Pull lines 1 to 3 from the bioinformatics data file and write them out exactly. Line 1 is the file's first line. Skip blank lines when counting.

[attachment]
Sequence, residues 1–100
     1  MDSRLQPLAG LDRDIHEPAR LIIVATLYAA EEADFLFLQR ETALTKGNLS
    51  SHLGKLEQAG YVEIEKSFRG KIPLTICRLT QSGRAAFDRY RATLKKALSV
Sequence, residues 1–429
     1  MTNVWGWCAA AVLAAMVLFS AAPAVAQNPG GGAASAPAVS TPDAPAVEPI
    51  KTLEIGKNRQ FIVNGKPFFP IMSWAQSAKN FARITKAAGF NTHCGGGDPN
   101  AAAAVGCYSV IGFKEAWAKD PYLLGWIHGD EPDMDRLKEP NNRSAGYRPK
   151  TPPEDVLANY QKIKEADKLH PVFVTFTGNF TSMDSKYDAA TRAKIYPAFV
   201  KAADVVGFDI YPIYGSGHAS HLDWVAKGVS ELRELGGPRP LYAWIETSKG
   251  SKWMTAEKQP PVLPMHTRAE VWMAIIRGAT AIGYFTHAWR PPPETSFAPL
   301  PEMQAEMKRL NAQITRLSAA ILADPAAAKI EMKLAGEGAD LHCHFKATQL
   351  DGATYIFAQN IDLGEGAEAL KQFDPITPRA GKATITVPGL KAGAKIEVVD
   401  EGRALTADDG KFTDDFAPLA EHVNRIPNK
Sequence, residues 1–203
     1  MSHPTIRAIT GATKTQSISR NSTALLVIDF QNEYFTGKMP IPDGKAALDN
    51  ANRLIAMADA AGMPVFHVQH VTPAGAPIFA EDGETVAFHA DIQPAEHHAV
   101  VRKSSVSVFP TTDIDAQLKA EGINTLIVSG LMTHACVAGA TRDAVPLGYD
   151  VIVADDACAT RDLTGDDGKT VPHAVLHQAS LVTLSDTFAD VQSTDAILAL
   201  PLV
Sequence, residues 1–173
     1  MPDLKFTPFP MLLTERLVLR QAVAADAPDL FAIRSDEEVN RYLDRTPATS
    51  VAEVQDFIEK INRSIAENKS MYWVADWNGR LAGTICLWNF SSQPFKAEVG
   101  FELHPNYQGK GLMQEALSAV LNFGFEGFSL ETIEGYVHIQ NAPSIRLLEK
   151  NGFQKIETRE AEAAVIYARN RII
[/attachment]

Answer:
Sequence, residues 1–100
     1  MDSRLQPLAG LDRDIHEPAR LIIVATLYAA EEADFLFLQR ETALTKGNLS
    51  SHLGKLEQAG YVEIEKSFRG KIPLTICRLT QSGRAAFDRY RATLKKALSV